As we covered in our recent piece on what pay-per-click (PPC) advertising is and how it works, there’s little doubt that it can be a very powerful form of web-based advertising. It could get you instant results that you could only dream of when depending on search engine optimisation (SEO) alone – but there’s also a chance of it being an unhelpful drain on your marketing budget.
As for which of those categories PPC is likely to fall into for your business, this depends on a range of factors, including your business’s circumstances, ambitions and how it uses PPC. So, let’s take a look at some of the issues that will govern whether PPC is the right route for your organisation.
Could you end up paying a lot per click, for little return?
This type of marketing may be based on only having to pay once someone clicks on your advert, but that doesn’t mean there isn’t a serious risk of running up heavy expenditure.
After all, various factors will affect the amount that you pay per click. These include the competitiveness of your industry, how much competition there is for your chosen search terms, the standard of your adverts and destination pages, and how much you’re prepared to spend on each click.
It’s therefore really important if you’re interested in using PPC, to know what you’re doing – or more specifically, what your goal will be for your PPC campaign. For example, if your primary goal is to boost brand awareness with your campaign, PPC will likely serve you well, especially given that users don’t even necessarily need to click on your ad for awareness to be generated – they just need to see it.
This is not to suggest that PPC will always be ineffective when greater revenue generation is your main priority for your advertising efforts. This does heighten the importance, though, of having a good-quality website – and in particular, compelling landing pages, which are the pages that your visitors will land on when they click on your PPC ads.
Keywords will be central to your PPC success or failure
If you are to get clicks and conversions – in other words, visitors becoming buyers or taking some other form of action – out of your business’s PPC efforts, you’ll need to put a huge emphasis on thorough research into the keywords that you use for your ads.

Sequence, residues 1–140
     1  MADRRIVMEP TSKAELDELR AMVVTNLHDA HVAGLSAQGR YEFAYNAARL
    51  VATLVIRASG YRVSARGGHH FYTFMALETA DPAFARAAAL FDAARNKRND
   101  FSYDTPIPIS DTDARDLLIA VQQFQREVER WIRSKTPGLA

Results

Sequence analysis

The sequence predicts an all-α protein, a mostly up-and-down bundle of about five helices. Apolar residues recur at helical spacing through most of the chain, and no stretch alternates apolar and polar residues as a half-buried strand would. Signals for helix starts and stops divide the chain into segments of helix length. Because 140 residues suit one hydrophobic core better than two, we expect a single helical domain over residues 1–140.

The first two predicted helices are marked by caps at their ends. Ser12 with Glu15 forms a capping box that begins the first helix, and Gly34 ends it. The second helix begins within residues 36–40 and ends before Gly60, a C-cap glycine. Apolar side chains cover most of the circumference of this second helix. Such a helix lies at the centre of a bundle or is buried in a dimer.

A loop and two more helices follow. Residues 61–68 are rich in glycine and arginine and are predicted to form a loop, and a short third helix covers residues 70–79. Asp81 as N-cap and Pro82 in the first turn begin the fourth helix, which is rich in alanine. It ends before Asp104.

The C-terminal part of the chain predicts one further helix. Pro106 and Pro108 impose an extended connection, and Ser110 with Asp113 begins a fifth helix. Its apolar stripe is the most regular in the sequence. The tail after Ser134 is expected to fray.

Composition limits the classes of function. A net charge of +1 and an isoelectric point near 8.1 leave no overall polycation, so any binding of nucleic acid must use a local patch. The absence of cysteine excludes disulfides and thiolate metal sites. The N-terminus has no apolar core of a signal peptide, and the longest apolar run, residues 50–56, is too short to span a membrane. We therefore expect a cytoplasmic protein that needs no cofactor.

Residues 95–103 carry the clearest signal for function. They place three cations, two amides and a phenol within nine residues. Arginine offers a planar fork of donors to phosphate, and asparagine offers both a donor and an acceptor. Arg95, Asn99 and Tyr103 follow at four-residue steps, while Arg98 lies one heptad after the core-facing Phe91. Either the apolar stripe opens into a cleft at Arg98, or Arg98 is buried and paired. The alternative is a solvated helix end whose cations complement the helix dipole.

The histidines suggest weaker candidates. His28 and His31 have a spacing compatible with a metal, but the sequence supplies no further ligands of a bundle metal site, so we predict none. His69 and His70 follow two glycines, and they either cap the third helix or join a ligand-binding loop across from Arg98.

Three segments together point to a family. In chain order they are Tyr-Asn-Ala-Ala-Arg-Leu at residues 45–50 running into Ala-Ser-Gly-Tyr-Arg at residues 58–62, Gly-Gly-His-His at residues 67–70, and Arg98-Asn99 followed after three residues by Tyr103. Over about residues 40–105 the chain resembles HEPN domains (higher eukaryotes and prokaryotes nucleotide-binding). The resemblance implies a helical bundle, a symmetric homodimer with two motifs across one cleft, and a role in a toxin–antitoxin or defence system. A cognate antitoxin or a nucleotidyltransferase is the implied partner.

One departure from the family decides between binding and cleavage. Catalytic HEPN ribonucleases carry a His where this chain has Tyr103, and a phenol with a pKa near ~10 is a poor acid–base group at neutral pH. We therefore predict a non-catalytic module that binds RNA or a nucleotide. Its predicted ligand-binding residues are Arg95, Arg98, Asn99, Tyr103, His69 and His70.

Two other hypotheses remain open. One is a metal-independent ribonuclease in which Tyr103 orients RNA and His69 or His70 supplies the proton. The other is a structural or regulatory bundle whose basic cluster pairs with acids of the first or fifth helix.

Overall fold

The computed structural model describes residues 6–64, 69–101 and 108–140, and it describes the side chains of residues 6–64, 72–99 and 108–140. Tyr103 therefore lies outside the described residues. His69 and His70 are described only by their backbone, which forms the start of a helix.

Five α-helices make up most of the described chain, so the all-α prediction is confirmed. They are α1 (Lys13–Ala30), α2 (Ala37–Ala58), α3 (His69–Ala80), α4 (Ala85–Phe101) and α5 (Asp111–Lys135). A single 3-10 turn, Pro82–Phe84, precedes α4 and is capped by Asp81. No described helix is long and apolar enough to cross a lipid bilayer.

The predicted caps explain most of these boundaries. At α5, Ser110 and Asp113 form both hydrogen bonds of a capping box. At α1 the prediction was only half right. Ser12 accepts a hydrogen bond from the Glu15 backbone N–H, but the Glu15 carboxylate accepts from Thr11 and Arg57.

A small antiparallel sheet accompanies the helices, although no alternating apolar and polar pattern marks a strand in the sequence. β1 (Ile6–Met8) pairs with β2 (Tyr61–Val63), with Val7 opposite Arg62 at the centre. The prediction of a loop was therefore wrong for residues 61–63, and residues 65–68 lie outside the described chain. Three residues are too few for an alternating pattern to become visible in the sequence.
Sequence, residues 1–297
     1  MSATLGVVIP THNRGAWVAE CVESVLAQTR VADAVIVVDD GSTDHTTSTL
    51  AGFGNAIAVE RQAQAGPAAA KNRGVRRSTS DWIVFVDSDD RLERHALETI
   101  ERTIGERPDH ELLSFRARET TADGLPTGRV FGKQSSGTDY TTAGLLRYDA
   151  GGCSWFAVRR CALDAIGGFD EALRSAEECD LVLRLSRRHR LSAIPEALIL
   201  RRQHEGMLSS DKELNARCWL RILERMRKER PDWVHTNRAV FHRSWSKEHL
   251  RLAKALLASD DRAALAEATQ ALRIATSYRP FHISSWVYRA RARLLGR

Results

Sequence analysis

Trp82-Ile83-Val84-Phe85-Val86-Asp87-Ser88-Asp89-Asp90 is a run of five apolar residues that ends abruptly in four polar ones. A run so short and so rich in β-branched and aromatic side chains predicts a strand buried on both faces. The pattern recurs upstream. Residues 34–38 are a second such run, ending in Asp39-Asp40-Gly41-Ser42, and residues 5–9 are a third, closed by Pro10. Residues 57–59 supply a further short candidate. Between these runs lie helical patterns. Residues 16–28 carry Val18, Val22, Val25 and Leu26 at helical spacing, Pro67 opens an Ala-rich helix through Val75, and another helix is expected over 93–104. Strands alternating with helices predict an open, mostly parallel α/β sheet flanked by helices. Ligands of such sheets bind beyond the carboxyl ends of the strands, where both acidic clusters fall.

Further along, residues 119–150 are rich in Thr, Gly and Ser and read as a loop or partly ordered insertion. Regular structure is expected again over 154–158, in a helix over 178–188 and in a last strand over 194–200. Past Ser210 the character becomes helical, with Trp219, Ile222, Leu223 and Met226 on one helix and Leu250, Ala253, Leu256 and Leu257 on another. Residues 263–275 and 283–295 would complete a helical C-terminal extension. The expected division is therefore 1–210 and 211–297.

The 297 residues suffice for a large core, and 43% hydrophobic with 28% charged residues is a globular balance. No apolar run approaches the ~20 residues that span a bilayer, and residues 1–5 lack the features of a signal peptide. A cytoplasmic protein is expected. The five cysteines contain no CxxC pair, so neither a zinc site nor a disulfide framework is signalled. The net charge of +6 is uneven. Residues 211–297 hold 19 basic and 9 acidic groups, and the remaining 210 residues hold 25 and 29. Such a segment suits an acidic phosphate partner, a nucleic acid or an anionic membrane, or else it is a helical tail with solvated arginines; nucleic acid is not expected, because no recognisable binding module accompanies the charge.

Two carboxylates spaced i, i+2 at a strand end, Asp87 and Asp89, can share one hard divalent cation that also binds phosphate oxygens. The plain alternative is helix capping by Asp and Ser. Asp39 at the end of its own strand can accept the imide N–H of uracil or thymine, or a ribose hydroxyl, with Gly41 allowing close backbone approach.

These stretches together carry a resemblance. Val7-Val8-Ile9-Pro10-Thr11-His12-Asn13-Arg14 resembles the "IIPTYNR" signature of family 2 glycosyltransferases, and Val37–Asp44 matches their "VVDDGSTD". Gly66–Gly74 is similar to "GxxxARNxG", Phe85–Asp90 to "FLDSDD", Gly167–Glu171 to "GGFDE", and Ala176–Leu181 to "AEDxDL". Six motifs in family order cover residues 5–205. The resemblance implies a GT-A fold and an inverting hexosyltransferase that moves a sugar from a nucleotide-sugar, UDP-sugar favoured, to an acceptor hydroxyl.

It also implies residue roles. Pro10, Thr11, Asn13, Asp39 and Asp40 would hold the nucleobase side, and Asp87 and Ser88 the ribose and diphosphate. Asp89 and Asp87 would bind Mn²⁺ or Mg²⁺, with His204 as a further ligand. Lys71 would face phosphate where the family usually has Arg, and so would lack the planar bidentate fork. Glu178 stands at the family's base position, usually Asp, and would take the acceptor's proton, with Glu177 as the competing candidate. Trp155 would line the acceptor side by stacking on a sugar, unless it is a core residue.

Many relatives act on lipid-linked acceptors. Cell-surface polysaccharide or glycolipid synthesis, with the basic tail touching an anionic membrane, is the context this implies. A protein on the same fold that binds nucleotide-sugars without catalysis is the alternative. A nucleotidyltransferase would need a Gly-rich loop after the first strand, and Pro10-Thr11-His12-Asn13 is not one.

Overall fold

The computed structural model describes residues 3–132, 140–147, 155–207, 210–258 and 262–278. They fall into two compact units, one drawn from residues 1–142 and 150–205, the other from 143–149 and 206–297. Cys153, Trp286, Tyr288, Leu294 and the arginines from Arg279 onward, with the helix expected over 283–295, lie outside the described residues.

All too often, especially when it comes to the most competitive markets such as insurance, financial services or estate agents and property, local firms waste money by focusing too much on overly broad and general keywords. It is these keywords, after all, that are especially popular, which will drive up the price you pay for them… and as they’re imprecise, they’re frequently ineffective at reaching the customers that small businesses most urgently need to reach.
If your firm markets landlord insurance, for instance, you could end up burning through a lot of money, with few concrete results, if you simply target the term ‘landlord insurance’. Go for more specific, locally-oriented and longer (long-tail) phrases like ‘landlord buildings insurance in Leicester’ or ‘rent guarantee insurance in Rugby’, and you’ll be able to target searchers who have those specific requirements. This, in turn, could maximise your chances of both winning the keyword for a good price and generating some serious enquiries and sales.
Your landing pages will need to be up to scratch
So, we’ve established that you’ll need to put some serious effort into your keyword research if PPC is to prove to be the right choice for your company. But PPC could also be an unproductive exercise for you if your landing pages don’t engage visitors.
PPC may be all about getting prospective customers to land on your website’s pages – but after that, it’s up to your landing pages to work their magic. In much the same way as an attractive window display or alluring sign above the door won’t help to make a high-street shop successful if the interior is a disorganised and off-putting mess, PPC probably won’t get results for your business if your landing pages provide visitors with a less-than-satisfactory experience.
A high bounce rate – which refers to a high proportion of visitors to a page leaving within seconds – is the worst possible thing that can occur when you’re running a PPC campaign. This is because it leaves you paying for each click, but not having any new customers or sales to show for it.
Your landing pages, therefore, need to show the incoming user the content that they expected to see when clicking on your ad. But a compelling call to action (CTA) also matters a lot. Your landing page’s CTA is the instruction that it gives to visitors to actually carry out the action you want them to carry out, such as “sign up for our newsletter” or “register for our free trial today”. Again, these should be present if PPC is to prove a worthwhile investment for your business.
So… is PPC right for my business?
There’s no question that when used well, PPC can be great for reaching those spots SEO can’t reach – or at least, not reach very quickly. PPC is renowned for the swift results that it can enable brands to attain, although SEO is still invaluable for cultivating long-term leads.
Carefully craft your landing pages to appeal to those clicking on PPC ads, though, while making use of well-researched, specific long-tail phrases, and your business will have a good chance of getting great outcomes from its involvement in PPC advertising.